NEW BRITAIN, Conn. (AP) - Electricity customers Thursday lashed out again against Connecticut’s largest utility for large increases in their bills - some hundreds of dollars higher - following a rate increase earlier this year that took many by surprise.
The state Public Utilities Regulatory Authority held a second hearing via videoconference as it revisits a rate increase it approved for Eversource that took effect July 1. The agency suspended the increase on July 31 after a flood of complaints by customers.
Donna Lane, of Plymouth, said her electricity bill last month ballooned to $518, which she said was more than her car payment and half her mortgage.
“It has gotten to the point now where we actually have to make the decision of can we afford to buy groceries or do we need to have the electric stay on,” Lane said. “Please do something.”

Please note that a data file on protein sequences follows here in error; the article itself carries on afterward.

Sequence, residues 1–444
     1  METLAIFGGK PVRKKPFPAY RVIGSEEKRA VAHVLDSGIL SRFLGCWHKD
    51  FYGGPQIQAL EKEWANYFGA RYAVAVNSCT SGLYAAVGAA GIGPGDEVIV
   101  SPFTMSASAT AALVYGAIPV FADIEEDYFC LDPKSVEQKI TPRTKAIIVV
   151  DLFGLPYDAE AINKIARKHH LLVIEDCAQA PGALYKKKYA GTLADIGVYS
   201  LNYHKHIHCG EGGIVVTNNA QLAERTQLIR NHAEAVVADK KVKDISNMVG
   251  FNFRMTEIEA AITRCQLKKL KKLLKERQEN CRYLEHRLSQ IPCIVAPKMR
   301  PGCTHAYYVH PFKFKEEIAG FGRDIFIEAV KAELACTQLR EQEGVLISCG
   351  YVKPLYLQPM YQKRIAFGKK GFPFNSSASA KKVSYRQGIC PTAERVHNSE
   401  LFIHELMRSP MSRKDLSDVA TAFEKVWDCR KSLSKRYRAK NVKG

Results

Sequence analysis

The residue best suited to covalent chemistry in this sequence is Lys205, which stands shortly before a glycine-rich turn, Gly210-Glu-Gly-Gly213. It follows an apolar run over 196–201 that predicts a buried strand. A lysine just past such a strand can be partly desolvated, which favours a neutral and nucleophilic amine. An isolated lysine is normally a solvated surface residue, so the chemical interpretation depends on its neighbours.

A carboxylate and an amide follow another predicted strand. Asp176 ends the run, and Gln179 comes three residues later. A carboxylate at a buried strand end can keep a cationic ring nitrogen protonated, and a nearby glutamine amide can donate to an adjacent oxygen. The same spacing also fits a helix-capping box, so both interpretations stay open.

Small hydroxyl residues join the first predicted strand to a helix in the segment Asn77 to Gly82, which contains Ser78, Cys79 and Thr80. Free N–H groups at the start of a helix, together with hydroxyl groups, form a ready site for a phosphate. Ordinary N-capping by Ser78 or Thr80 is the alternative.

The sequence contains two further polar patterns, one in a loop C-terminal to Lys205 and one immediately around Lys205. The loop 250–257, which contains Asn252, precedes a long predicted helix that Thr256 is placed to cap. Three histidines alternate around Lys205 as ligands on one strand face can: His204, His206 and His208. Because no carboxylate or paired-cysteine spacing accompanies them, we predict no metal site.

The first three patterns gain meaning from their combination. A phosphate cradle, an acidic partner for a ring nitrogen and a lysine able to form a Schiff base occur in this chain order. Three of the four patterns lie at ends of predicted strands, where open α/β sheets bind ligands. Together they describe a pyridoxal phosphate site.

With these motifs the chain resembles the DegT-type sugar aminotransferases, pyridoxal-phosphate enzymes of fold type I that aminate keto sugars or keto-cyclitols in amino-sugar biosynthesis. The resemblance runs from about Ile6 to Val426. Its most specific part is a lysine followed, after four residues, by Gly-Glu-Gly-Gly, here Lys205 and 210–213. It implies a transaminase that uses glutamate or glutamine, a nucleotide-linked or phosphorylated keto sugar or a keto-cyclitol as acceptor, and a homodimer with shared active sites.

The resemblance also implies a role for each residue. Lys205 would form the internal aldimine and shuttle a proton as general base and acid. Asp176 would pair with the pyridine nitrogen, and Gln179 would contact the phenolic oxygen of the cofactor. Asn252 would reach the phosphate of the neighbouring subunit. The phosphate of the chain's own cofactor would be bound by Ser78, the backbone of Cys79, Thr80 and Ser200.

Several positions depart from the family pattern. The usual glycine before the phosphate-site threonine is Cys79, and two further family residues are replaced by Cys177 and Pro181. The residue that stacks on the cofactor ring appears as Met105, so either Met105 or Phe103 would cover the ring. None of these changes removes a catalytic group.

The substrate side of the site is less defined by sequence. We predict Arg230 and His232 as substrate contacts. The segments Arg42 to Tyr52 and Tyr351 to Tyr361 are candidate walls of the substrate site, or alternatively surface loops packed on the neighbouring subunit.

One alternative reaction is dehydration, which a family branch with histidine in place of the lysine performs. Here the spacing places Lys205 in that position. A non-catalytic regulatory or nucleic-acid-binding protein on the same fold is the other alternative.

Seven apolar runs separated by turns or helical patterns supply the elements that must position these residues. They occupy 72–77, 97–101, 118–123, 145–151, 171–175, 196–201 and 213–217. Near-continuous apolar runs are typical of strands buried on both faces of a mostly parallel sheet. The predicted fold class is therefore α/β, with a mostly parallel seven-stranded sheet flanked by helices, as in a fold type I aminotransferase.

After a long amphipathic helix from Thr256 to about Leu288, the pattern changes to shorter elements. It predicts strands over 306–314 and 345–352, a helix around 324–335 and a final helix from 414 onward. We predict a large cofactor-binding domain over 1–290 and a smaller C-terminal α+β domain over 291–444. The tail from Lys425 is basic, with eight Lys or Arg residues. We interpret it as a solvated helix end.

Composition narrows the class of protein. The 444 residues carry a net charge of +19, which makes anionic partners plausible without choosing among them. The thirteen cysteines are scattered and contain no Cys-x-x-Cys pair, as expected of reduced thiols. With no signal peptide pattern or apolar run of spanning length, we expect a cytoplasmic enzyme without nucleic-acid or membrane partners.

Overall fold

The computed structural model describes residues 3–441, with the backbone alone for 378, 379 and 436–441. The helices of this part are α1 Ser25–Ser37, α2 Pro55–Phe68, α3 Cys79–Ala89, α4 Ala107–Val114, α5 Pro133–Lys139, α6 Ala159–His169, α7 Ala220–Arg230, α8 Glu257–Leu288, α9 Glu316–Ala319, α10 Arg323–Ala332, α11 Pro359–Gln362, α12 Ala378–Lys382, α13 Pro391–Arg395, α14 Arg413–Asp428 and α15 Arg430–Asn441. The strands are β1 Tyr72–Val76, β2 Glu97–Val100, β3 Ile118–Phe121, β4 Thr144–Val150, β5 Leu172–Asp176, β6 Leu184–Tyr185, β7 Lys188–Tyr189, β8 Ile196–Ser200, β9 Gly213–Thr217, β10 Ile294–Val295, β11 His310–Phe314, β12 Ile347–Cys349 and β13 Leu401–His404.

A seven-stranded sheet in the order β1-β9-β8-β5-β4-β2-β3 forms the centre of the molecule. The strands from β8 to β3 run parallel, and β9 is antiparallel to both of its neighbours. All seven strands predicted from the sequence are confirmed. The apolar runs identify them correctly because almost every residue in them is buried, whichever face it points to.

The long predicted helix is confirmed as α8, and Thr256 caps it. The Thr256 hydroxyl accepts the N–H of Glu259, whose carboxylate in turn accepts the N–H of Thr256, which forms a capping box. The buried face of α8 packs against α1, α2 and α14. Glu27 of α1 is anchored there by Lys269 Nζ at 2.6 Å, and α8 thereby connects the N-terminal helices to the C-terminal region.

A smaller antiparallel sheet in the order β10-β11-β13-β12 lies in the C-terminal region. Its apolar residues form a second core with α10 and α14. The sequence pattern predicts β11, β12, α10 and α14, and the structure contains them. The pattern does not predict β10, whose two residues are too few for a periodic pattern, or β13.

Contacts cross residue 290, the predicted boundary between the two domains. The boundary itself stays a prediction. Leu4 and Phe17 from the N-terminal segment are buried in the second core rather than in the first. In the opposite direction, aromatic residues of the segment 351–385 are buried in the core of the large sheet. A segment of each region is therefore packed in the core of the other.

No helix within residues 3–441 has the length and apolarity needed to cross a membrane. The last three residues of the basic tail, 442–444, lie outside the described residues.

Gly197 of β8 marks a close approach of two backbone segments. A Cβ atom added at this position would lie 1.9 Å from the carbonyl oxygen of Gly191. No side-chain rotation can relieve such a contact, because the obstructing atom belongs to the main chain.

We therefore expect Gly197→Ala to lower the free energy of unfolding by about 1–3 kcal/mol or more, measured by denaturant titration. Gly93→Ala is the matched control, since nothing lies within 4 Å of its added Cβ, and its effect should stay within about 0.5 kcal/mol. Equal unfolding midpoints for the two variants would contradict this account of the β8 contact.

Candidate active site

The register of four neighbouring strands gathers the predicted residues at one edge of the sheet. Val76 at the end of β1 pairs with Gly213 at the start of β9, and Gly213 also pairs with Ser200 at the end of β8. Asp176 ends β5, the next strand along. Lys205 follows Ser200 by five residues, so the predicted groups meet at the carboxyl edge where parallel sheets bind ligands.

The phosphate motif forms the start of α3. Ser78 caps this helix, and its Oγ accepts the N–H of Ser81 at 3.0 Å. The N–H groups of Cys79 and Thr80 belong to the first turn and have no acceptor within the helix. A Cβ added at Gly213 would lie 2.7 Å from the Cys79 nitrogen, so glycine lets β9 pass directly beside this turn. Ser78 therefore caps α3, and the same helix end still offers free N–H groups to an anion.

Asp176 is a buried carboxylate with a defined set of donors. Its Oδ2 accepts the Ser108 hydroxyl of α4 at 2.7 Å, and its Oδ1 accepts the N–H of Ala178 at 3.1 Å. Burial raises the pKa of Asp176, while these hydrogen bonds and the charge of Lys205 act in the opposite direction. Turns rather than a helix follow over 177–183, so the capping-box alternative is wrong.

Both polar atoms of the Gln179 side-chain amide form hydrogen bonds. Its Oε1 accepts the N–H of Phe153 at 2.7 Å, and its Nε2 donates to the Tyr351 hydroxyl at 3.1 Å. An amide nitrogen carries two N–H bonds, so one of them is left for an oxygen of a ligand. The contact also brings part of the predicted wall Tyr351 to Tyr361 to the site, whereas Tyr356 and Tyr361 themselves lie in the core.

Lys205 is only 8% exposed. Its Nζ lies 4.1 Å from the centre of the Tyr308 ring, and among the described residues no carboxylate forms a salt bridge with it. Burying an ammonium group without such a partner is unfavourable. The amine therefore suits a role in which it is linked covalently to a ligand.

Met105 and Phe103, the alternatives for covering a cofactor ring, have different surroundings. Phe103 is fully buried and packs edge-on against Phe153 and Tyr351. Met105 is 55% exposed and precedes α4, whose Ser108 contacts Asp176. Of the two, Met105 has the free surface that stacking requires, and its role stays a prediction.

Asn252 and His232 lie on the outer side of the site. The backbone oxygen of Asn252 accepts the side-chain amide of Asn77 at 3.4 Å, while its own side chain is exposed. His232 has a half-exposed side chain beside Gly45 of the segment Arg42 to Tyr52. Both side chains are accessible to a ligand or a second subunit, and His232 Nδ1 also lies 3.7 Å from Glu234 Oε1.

Former state Sen. Len Suzio, a Republican from Meriden, urged PURA to investigate why Connecticut customers pay the second-highest electricity rates in the country, second only to Hawaii.
An Eversource spokesperson, Tricia Taskey Modifica, said in statement Thursday that customers’ bills may still be higher than normal after the rate increase suspension because of several factors. She said they include increased use of air conditioners and other appliances because of hot weather this summer, more customers staying home during the coronavirus pandemic and higher prices charged by electricity suppliers.
The company is mindful of the impact on customers and is offering payment plans to avoid service disconnections, Taskey Modifica said. She attributed high costs in Connecticut to transportation expenses related to bringing natural gas and oil to the state to fuel power plants.
The utility posted profit of $909 million in 2019, down from $1.03 billion in 2018.
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